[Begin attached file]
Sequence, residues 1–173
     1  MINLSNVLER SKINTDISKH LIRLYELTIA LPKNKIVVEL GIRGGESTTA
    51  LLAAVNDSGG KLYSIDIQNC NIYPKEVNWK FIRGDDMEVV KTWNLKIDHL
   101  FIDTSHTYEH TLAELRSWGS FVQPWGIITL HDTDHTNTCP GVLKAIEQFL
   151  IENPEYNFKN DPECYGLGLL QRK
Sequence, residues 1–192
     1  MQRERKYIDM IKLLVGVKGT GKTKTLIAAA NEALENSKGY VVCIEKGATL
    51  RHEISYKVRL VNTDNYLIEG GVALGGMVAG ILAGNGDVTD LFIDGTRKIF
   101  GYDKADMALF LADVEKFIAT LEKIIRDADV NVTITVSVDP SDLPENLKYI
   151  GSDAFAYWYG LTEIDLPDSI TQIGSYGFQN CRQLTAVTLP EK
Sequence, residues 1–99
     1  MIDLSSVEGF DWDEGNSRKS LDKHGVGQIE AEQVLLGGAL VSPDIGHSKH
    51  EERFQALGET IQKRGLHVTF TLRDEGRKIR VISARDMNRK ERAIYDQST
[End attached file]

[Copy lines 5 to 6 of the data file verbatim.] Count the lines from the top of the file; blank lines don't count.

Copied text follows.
   151  IENPEYNFKN DPECYGLGLL QRK
Sequence, residues 1–192